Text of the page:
AB 408 (Steinberg): Permanency for Youth Living in Group Homes
Due to the efforts of CYC and other child advocates, foster youth in group homes now have a greater chance to establish a permanent life-long connection with a caring adult. AB 408 (Steinberg, Chapter 813, Statutes of 2003) requires social workers to ask youth over the age of 10 who live in group homes who is important to them and to take actions to support those relationships. AB 408 also strengthens a youth’s right to attend their court hearings, and the right of youth to participate in social and extracurricular activities. The new law also allows funds to be used to convene a team of individuals important to the youth to develop a transition plan.
AB 1987 (Steinberg): Maintaining Sibling Connections
On September 29, 2000, Governor Davis signed AB 1987 (Steinberg, Chapter 909, Statutes of 2000), which requires social workers to include in court reports a section on the child’s sibling relationships and the plans for visitation of siblings. It also requires social workers to notify children on their caseload of significant events in the lives of siblings. This bill aimed to take us one step closer to requiring that siblings be placed together.
AB 2876 (Aroner): Participation of Youth in Policy
The department shall promote the participation of young people with experience in foster care in the development of state foster care and child welfare policy. Subject to the availability of funds, the department shall contract with the California Youth Connection to provide technical assistance and outreach to current and former foster youth.
AB 2877 (Thompson): Extended Medi-Cal for Former Foster Youth
Thanks to CYC and other child advocates, California was one of the first states in the country to take advantage of a new federal program that allows states to extend Medi-Cal for former foster youth until the age of 21. This law eliminates the re-application process that emancipated youth previously had to go through in order to get health care. This law was enacted through the state budget and AB 2877 (Thompson, Chapter 93, Statutes of 2000).
HR 3443 (Chafee): Foster Care Independence Act
Federal legislation passed in 1999, HR 3443, doubled the amount of money the federal government allocates to states for independent living programs; gives states the option of extending Medi-Cal to age 21; requires states to use some of these funds for former foster youth under age 21; and allows states to use up to 30% of the federal money for housing for emancipating foster youth.
AB 427 (Hertzberg): Support for Emancipated Youth
In a groundbreaking moment for the state of California, Governor Davis signed AB 427 (Hertzberg, Chapter 125, Statutes of 2001) creating the Supportive Transitional Emancipation Program (STEP), which allows counties to provide monthly financial support to emancipated foster youth as long as they are attending school or working towards the goals outlined in their TILPs. AB 427 also made changes to the state’s Transitional Housing Placement Program (THPP) that encourages providers to create or expand housing programs for current and former foster youth.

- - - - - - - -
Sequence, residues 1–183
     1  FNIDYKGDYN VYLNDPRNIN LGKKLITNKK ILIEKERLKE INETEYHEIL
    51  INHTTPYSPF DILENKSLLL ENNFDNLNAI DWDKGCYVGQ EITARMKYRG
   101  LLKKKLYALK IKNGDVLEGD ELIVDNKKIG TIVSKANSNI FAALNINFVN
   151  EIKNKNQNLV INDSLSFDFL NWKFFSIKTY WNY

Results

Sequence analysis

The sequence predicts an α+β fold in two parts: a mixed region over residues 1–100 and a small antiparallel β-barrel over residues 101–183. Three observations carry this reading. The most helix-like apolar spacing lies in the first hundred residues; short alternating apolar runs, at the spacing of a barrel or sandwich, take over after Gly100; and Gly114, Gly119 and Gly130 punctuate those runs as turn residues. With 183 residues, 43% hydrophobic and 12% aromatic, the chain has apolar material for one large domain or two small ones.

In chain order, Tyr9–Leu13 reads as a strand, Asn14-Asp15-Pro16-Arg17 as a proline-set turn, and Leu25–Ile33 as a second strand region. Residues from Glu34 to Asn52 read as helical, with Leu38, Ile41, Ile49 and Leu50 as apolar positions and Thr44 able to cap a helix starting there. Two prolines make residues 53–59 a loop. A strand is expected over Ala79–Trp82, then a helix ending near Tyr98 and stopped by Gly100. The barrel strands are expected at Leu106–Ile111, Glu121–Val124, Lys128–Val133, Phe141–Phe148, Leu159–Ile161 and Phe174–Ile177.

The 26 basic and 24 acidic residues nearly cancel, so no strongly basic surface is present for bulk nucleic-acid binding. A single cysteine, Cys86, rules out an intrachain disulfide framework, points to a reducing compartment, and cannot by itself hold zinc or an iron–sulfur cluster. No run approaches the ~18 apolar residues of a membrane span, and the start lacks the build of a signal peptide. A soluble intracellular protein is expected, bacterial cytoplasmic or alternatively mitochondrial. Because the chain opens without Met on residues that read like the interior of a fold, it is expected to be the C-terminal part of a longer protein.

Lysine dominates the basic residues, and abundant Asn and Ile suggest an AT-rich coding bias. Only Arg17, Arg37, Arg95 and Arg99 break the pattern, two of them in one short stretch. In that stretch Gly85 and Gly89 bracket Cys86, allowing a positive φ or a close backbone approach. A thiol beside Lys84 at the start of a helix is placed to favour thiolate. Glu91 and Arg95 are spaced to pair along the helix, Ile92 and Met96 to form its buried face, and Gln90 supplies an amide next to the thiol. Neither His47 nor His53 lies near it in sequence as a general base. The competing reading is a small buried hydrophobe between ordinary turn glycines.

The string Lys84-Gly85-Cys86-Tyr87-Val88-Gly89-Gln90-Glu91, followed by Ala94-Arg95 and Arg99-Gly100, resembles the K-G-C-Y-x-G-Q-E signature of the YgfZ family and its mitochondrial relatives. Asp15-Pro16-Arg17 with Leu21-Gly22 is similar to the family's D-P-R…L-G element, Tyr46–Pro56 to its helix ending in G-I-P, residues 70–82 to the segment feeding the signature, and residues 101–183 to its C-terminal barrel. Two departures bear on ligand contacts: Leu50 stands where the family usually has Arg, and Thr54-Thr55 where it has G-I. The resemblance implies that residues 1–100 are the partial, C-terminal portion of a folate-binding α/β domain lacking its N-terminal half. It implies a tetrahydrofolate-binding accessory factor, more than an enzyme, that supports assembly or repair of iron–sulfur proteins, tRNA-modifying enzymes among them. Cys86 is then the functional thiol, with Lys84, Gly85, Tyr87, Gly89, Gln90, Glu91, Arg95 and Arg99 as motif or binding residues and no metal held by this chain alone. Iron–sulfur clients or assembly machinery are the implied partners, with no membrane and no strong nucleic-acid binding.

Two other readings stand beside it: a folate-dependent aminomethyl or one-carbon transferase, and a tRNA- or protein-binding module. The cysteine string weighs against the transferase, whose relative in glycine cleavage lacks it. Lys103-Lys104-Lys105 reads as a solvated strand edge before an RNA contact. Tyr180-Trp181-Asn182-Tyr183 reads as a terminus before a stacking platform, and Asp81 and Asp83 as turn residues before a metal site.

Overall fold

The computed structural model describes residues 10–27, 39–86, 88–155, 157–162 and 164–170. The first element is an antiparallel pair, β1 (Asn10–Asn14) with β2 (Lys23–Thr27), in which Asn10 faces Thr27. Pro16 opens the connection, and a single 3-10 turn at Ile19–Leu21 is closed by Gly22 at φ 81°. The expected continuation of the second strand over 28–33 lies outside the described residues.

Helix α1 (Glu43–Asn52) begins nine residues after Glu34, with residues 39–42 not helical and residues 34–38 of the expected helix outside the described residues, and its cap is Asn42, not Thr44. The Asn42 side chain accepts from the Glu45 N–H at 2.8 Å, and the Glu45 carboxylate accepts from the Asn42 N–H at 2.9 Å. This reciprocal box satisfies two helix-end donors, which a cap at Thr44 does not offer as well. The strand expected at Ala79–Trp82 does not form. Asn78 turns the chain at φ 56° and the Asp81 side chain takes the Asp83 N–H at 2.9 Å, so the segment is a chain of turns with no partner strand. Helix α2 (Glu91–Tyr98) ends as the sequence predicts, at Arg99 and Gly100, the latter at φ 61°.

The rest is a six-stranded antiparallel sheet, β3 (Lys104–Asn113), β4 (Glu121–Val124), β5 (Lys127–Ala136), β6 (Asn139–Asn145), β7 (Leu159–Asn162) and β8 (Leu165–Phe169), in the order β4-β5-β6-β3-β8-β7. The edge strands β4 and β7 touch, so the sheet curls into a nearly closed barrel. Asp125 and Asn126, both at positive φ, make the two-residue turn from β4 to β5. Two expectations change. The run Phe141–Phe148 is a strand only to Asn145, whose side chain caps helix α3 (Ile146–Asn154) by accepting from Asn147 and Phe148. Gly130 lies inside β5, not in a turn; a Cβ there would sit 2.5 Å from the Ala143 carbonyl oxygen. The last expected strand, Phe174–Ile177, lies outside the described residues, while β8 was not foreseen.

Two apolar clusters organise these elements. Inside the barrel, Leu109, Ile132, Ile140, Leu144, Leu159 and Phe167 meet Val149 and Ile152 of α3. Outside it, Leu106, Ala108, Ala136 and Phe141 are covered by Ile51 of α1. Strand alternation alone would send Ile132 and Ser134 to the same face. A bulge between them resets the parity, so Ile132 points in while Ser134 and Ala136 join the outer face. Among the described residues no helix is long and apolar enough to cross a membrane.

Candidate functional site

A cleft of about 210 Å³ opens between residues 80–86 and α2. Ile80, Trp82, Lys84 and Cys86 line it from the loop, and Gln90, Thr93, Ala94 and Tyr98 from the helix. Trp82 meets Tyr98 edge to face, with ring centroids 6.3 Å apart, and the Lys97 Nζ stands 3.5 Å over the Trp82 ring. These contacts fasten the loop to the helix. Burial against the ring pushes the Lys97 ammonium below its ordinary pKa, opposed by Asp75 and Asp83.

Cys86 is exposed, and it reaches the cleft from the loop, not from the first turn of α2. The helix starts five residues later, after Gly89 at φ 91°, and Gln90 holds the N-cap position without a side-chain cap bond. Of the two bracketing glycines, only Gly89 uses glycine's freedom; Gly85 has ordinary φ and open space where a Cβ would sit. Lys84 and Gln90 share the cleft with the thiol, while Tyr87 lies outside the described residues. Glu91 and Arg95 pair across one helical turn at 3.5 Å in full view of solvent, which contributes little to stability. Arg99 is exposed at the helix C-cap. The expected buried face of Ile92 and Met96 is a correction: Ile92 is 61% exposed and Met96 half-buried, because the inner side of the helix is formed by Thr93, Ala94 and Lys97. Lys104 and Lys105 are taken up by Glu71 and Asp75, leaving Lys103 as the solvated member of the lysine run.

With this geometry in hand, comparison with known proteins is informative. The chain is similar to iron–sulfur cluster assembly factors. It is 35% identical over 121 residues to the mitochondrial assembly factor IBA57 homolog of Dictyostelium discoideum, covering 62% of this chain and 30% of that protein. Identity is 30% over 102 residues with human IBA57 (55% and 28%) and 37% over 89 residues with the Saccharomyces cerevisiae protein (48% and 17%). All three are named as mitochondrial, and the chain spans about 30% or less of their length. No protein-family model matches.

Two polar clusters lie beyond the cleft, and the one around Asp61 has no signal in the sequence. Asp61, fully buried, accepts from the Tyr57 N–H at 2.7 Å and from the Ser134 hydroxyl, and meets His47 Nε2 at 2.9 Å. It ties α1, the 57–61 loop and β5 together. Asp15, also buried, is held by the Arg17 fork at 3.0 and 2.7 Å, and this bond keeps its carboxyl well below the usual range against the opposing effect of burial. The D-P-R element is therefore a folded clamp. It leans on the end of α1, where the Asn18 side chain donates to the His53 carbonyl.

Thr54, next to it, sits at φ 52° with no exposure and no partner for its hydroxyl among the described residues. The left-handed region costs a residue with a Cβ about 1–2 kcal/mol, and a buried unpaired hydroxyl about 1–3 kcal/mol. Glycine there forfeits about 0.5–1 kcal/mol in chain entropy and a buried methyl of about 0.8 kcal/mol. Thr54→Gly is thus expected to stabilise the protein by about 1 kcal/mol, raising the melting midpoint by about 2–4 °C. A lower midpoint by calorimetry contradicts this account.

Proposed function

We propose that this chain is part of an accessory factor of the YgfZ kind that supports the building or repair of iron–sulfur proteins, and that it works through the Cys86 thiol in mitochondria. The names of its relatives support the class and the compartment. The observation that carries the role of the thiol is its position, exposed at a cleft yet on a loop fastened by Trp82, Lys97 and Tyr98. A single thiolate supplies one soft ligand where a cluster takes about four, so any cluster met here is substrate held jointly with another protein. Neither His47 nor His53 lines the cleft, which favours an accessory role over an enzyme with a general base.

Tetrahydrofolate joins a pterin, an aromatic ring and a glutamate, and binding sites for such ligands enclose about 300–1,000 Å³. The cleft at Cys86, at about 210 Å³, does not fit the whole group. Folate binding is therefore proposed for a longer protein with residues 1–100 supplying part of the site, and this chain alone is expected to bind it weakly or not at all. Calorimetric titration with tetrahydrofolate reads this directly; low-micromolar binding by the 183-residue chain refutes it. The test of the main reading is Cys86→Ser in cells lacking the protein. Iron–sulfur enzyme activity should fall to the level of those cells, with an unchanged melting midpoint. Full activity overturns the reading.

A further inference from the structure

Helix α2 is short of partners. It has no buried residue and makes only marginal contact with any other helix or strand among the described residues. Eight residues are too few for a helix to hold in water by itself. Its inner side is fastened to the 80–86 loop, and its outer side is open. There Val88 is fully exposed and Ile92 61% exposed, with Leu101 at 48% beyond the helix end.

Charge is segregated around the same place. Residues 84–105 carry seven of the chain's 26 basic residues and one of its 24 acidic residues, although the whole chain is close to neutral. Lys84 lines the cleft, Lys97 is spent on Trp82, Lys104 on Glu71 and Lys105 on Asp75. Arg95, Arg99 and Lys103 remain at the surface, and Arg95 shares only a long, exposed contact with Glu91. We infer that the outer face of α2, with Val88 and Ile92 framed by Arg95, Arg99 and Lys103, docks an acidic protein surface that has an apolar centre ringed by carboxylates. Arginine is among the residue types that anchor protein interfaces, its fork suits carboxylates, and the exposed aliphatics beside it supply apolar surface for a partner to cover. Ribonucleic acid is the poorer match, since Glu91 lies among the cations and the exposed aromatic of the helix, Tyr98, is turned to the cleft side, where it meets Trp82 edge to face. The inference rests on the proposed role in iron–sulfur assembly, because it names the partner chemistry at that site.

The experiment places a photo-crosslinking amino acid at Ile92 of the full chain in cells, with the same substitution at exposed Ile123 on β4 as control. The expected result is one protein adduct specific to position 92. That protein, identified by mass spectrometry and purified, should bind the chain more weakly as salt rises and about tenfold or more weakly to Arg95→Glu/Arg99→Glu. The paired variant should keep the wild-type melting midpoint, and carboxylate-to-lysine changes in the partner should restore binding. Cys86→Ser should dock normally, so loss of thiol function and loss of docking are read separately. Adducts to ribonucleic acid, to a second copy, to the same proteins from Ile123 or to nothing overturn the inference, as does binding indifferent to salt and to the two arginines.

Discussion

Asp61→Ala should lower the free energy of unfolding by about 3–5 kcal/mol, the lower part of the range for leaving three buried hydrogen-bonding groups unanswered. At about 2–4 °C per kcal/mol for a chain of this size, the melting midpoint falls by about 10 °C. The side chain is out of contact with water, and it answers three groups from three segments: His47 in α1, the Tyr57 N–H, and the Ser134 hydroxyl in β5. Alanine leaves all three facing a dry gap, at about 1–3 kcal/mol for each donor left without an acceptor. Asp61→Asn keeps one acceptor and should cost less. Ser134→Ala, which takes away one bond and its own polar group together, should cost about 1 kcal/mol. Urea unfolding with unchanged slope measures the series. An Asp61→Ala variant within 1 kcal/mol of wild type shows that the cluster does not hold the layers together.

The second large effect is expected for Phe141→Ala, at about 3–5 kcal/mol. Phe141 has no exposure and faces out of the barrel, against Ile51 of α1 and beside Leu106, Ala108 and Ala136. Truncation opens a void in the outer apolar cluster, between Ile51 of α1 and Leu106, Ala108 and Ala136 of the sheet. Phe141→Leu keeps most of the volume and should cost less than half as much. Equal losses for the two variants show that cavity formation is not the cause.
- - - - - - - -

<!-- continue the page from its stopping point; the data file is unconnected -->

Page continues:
SB 933 (Thompson): State Foster Care Ombudsman
California gained its first foster care ombudsman because of the efforts of CYC youth on SB 933 (Thompson, Chapter 311, Statutes of 1998). The ombudsman’s office has a statewide toll free number, 1-877-846-1602, where youth can register complaints or concerns regarding the foster care system.
AB 2196 (Washington): Post-Adoption Sibling Contact
AB 2196 (Washington, Chapter 1072, Statutes of 1997) was a CYC sponsored bill to increase contact and visitation when siblings are adopted separately. When a child is going to be adopted, the bill requires the social worker to include a discussion of sibling visitation and contact in the child’s case plan. The bill also authorizes the court to include in an adoption order provisions that will facilitate sibling contact as long as the adoptive parents do not object.
AB 1198 (Bates): Transitional Housing Program
AB 1198 (Bates, Chapter 799, Statutes of 1993) created the “in-care” transitional housing option for foster youth 17 years of age or older and in their last year of high school -Transitional Housing Placement Program (THPP). Further modifications were made to THPP in 2001. Youth live in apartments or houses with close monitoring and supervision from the county or from a private agency.
AB 2691 (Areias): Driver’s Licenses
AB 2691 (Areias, Chapter 865, Statutes of 1992) allows someone other than a child’s parents or guardians to sign the child’s application for a driver’s license. Probation officers and social workers can sign a driver’s license application without liability for any accidents or tickets the child may incur. Any other person who signs the application will be jointly liable with the child for any damages resulting from the negligent or wrongful act of the child in driving a motor vehicle.